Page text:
By Jim Clayson
Historians are uncertain about the foundation of Oxford Market (on the corner of Great Titchfield Street and Market Place). They are also foggy about its demise. Walford’s London Old and New claims: “It was erected in 1721, as shown by the date in the brass vane which surrounds its centre.”
Harold Phillips’ book Mid-Georgian London points out that: “It first appears on a plan of Marylebone by John Prince in 1719.” He notes, however, that it “does not appear in the rate books until 1724, when it had only six stalls”.
The authoritative London Encyclopedia describes it simply as “a small arcaded building east of Great Portland Street…built in 1721.” Patent letters for its formal establishment were not issued until 1731, objections having been raised by the owners of Carnaby Market, just south of Oxford Street. More recent chroniclers are also unclear.
Richard Thames in his London We Have Lost follows the Encyclopedia claiming that it was built in 1721. Brandon and Brooke Marylebone and Tyburn Past give the 1731 date.
Yet it was clearly there some years before, for the Daily Post reported in July 1728 that:
“On Thursday Night Mr Hetherington of Knightsbridge, formerly a Tallyman…….tumbled into an unguarded Area near the New Market by Oxford Square, and was unfortunately kill’d by the fall.”
Two years later the London Journal informed its readers: “We hear that Dr.Backnall, who has done great Services to Mankind in Cases of Lowness of Spirits; Melancholy and Lunacy, is removed from Davis-Street…to Castle-Street by Oxford Market, near Oxford Road, Mary-le bone Fields.”
And it was clearly well established in 1733 when the Trustees of the newly formed Company for “Establishing a Colony in Georgia” selected “William Forshaw and Family of John-street near Oxford Market” to go there. [John Street was the name until 1794 of that part of Great Portland Street between Margaret Street and Oxford Street]. It is not quite clear how enthusiastic they were about the venture.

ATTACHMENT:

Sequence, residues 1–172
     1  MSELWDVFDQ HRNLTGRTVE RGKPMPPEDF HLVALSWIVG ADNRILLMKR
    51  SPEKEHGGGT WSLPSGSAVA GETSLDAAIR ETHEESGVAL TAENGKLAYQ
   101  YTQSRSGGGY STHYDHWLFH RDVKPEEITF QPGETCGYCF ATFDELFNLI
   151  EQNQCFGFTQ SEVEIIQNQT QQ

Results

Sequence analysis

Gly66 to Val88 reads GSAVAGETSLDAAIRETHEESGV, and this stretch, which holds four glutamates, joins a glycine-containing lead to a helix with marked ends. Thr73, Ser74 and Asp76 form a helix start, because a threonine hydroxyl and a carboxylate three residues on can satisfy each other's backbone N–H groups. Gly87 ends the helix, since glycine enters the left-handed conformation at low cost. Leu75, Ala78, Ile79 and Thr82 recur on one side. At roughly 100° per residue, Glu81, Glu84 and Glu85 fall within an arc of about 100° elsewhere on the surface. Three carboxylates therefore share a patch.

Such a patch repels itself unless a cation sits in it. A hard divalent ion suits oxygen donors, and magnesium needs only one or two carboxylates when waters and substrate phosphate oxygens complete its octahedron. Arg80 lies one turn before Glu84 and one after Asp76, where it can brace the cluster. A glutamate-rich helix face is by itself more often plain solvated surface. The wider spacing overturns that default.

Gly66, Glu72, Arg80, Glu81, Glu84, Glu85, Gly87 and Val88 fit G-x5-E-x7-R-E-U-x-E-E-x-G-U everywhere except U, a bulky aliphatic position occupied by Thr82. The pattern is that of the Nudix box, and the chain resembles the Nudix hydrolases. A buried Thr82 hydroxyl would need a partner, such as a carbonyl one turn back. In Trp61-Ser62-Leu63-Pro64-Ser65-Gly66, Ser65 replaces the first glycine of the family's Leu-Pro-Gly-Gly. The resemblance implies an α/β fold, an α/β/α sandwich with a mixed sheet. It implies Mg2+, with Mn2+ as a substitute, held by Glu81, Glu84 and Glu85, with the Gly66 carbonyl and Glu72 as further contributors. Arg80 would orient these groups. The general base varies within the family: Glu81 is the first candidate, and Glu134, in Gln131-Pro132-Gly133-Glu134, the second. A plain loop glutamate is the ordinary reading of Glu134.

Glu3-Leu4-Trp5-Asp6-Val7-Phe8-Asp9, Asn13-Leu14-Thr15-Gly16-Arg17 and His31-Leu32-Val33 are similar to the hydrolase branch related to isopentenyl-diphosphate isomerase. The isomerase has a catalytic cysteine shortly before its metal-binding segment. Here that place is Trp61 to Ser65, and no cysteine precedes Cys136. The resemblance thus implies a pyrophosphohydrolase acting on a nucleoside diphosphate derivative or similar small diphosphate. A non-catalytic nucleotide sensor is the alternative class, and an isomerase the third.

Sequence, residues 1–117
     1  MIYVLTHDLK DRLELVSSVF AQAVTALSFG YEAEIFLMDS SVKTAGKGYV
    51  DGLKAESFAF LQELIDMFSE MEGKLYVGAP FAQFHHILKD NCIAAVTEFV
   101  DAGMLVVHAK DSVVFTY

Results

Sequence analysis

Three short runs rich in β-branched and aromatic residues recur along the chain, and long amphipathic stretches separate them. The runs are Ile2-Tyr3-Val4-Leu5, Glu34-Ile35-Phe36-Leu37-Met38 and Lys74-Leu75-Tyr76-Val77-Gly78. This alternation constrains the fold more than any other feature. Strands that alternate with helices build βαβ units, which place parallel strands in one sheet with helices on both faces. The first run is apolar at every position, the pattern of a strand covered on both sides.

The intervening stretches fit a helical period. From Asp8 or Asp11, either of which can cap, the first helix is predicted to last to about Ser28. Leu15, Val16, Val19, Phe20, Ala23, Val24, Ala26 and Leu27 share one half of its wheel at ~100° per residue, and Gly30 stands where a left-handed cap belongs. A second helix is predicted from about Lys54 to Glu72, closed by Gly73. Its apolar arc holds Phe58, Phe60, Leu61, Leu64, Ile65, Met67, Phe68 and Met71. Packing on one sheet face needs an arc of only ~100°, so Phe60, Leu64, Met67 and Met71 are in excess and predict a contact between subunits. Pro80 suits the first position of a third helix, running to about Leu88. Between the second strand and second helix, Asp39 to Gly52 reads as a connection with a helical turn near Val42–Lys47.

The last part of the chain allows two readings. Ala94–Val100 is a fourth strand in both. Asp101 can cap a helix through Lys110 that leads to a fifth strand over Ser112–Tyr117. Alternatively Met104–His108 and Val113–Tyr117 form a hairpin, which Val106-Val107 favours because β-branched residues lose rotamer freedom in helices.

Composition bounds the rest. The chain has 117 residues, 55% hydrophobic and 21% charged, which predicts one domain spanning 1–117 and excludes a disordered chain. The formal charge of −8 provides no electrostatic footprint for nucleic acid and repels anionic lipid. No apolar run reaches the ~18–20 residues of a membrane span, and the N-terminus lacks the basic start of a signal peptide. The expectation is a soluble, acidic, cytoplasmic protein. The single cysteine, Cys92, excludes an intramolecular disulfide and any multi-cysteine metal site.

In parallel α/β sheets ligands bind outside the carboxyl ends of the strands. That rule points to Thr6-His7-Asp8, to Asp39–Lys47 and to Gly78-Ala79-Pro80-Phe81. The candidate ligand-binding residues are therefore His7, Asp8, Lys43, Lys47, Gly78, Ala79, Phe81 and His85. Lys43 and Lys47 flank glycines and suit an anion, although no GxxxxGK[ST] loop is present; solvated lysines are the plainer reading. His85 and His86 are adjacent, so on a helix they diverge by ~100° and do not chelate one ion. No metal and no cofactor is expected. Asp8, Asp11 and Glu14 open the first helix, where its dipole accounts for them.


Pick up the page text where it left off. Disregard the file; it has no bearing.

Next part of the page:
Working from the rate books, Phillips suggests “the market expanded rapidly. In 1727 the stall-holders increased to 18…Towards 1750 it became necessary to construct outbuildings….” The original hexagonal structure of wood was demolished in 1816 and the market rebuilt as shops. Accommodation was provided above these premises, presumably intended for the shopkeepers.
This brought about increased returns for the Estate, profits from the market had been roughly £300 a year in 1815 and 1816. In 1818 they were £500. One regular customer at the new premises was Arthur Thistlewood, soon to be executed for his part in the 1820 Risings. A Constable was deputed to watch out for his presence. In common with many public spaces in London, the Market had become a centre of radical activity. Tracts were sold there, along with street ballads.
The fabric of the Marketplace degenerated in the nineteenth century. Walford remarks: “It is called by the painter [James] Barry ‘the most classic of London Markets’ but it is …difficult to see in what its ‘classic’ nature consists”. Barry had lived very close to it. But the market that he knew had long since disappeared by the time Walford wrote. Underinvestment by private owners, the blight of public services, had wrought its toll.
Phillips tells us “it was pulled down ..in 1880,” while the Encyclopedia states, presumably following Walford: “It was closed and demolished in 1876.” Tames, suggests it was closed and demolished in 1876. Brandon and Brooke agree that it was closed in that year, but “was demolished in 1880.”
The Estate Records show trading there was virtually unchanged in the period 1875-1880, with many tenants retaining their their holdings right to the end. By September 1881 a J Osborn was receiving an allowance as “late Attendant at Oxford Market.”
Internal memos of the London County Council, complete the story of the site to 1949: “Oxford Mansions which replaced it were built about 1900. Kent House which now occupies the site was put up in 1938-9. Plans, based on Ordnance Survey maps show it to be on the South West corners of Great Titchfield and Castle Street (now Eastcastle Street). These also contain a sketch of the Market building dated about 1850.
A single structure, that could have known the original Market buildings, remains.
Thanks to the archivists at Camden Local Studies and Archives Centre, London Metropolitan Archives and Westminster City Archives for their time and (great) trouble given in assistance with this piece